I’ve been using iFixit’s kit for so long and across so many great Mac upgrade projects that I consider it essential to my office; if a Mac, hard drive, or other peripheral needs to be opened, the 54-Bit Driver Kit almost always can do it. But since most people have no idea what Pentalobe, Torx, Tri-Wing, Hex and other bits look like or are supposed to do, I’ve assembled this guide to explain them all, focusing on the ones used in Apple products. By the time you’re done reading this article, you’ll have a good sense of the world of security screws, and the reasons it’s handy to keep a kit around to open anything up…

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How-To: Clean and speed up your Mac with free, trustworthy downloads

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“My Mac used to be fast, but now it’s running so slow.” I’ve heard many versions of this complaint, and they’re always factually true, not just opinions: Macs do become sluggish over time, even if all of their chips and hard drives are working like new.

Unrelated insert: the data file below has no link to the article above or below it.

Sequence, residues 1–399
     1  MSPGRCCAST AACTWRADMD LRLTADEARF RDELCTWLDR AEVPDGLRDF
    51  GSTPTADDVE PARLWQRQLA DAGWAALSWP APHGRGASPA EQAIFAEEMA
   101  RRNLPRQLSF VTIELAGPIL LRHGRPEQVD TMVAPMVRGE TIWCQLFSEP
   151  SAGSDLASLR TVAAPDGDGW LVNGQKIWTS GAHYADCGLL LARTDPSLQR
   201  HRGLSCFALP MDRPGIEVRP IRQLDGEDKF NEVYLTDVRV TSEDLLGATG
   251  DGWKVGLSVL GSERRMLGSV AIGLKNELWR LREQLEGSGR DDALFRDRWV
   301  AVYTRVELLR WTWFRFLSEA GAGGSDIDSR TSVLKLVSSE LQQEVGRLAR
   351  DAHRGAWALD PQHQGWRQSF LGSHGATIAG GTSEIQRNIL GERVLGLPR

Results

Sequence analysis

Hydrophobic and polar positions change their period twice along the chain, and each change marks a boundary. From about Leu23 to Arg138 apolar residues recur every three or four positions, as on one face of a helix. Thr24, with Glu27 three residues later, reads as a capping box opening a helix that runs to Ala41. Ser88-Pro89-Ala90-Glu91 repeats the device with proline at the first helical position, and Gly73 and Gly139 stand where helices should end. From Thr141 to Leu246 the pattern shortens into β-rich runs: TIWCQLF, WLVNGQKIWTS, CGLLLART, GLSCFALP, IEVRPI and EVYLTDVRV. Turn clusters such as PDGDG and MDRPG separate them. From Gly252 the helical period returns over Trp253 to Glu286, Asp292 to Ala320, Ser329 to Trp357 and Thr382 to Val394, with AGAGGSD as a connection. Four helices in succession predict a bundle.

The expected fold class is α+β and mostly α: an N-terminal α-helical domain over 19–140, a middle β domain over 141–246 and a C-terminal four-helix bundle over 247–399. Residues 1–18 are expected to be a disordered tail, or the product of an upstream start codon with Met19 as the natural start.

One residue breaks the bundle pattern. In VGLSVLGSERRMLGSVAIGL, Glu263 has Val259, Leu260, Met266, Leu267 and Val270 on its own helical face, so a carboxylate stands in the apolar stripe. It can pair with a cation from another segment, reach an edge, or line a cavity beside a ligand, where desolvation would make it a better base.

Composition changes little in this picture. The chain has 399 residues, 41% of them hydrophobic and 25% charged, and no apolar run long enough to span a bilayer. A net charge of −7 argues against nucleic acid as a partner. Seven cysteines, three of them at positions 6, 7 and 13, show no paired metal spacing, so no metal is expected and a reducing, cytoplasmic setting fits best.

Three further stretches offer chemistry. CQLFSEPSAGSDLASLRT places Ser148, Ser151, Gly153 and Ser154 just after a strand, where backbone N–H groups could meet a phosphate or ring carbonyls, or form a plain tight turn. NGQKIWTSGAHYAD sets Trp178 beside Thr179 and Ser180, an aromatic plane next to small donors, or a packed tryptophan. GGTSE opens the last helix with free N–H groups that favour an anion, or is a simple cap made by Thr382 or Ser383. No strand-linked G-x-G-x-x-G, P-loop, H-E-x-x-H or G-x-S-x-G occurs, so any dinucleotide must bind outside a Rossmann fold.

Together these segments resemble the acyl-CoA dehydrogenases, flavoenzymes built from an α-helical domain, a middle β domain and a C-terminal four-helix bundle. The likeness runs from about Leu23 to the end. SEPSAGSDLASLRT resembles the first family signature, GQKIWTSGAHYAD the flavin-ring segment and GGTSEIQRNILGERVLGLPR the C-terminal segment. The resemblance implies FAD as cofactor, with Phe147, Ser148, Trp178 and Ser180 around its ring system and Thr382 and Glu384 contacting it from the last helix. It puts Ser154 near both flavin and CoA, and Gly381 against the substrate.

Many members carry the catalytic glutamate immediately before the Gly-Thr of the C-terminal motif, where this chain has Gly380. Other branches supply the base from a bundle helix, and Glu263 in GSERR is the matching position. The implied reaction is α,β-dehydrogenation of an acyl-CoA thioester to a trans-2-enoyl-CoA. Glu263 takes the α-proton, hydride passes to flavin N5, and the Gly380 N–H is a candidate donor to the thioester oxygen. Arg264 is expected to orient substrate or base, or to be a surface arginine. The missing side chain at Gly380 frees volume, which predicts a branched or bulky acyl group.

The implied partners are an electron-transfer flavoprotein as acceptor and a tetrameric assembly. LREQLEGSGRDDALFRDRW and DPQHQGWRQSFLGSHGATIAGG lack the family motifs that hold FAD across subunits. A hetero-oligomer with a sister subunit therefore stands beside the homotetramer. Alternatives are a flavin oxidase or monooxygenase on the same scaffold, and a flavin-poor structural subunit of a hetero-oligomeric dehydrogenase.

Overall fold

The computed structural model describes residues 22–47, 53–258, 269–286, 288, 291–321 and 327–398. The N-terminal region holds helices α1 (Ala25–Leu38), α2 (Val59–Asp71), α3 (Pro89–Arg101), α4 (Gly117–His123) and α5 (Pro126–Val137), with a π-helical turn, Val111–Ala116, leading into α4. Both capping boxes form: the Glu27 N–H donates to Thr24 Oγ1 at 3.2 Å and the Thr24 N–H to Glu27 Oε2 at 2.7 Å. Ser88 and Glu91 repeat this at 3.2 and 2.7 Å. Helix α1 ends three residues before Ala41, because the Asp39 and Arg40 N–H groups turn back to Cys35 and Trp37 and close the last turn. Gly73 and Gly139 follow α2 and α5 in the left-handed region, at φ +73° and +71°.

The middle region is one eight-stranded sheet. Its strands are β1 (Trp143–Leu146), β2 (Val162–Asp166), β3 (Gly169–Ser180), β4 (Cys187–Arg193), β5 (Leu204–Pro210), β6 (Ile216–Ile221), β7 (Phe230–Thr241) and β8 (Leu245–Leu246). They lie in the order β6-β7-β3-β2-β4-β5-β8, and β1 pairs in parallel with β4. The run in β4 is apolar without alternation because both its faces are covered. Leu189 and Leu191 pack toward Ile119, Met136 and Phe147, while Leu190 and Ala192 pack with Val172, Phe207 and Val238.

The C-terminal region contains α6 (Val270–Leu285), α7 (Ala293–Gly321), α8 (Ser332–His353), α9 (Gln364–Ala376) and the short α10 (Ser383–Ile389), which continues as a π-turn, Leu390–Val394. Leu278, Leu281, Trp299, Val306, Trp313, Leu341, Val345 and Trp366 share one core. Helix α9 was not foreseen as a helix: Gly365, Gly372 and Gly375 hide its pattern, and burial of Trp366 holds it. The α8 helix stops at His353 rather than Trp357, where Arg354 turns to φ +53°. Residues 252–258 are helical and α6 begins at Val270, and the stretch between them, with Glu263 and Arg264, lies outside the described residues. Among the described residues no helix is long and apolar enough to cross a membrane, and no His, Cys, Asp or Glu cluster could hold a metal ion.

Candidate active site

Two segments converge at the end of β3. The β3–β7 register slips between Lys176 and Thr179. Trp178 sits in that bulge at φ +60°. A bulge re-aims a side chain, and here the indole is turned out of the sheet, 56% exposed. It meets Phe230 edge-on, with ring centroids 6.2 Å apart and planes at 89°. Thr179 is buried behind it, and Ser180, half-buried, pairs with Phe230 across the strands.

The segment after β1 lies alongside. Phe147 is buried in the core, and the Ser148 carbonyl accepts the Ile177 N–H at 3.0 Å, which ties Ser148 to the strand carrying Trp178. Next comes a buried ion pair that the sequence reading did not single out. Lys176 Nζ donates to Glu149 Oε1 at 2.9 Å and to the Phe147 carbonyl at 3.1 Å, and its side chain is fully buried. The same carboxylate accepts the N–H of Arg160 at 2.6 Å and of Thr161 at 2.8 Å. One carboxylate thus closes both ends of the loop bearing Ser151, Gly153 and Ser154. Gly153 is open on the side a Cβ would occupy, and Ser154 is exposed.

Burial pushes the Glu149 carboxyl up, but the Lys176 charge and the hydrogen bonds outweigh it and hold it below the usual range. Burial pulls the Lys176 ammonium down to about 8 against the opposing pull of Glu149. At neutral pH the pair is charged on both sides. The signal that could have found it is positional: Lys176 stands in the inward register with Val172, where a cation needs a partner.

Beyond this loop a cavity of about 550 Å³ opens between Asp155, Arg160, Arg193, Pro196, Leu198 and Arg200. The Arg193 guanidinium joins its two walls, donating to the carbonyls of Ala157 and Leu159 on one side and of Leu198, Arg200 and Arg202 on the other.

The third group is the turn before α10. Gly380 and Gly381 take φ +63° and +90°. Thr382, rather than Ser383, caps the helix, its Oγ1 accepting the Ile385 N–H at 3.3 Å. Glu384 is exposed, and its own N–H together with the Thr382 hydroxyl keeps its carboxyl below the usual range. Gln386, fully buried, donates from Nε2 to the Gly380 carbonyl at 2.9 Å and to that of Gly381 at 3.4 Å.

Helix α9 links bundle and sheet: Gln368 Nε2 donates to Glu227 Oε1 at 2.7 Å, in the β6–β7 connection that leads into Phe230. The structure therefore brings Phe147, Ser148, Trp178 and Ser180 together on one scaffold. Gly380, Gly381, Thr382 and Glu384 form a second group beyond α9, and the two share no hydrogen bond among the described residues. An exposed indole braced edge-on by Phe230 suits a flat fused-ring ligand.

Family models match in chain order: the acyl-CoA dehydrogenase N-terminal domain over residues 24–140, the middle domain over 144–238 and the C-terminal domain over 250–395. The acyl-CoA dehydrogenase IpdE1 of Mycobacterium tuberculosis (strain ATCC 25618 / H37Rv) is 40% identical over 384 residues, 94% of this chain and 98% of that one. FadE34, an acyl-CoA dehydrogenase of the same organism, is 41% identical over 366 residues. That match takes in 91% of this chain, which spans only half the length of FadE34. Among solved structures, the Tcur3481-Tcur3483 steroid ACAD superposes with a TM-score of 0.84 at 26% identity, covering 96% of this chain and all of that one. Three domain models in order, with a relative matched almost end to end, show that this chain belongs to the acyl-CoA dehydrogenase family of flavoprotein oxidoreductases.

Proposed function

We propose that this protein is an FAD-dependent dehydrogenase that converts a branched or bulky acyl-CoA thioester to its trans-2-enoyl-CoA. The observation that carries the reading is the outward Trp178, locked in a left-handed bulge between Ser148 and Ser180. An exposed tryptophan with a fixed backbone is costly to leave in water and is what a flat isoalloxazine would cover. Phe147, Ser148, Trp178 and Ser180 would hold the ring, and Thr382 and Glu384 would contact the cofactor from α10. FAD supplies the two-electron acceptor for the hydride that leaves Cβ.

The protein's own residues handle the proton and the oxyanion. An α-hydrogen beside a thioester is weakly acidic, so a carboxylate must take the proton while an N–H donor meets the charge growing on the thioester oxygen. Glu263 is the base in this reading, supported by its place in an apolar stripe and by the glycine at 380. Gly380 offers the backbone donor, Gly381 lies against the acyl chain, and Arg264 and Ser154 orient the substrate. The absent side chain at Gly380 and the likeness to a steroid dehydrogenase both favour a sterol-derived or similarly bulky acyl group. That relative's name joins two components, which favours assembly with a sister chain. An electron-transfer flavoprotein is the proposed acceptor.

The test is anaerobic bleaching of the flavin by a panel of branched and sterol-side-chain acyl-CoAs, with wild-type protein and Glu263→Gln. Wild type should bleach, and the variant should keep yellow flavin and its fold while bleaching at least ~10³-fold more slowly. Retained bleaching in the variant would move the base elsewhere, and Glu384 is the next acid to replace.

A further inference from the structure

I’ve devoted several columns to hardware solutions — replacing old hard drives with fast new SSDs, adding more RAM, and increasing storage capacity using an external drive — but there are software solutions, too. Even die-hard Apple fans will admit that Macs typically run new OS X versions better (faster, and with fewer bugs) if you start with a clean slate: completely wipe your hard drive, do a fresh install of the latest OS X release, and restore only the files you need. That’s not as hard as it sounds, but it’s a radical and fairly time-consuming solution.

This How-To article offers a simpler alternative. First, find and delete enough files to leave your Mac at least 50GB of free storage capacity — enough room for the Mac to work without pausing to manage its hard drive space. Next, cleanse the cruft OS X builds up in the background as you use your computer. Below, I’ll show you how two completely free Mac programs, GrandPerspective and OnyX, will do all the heavy lifting for you. GrandPerspective offers a highly visual display of what’s taking up space on your Mac; Onyx cleans up the Mac files you’d be afraid to touch yourself…

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The best Mac and iPad keyboards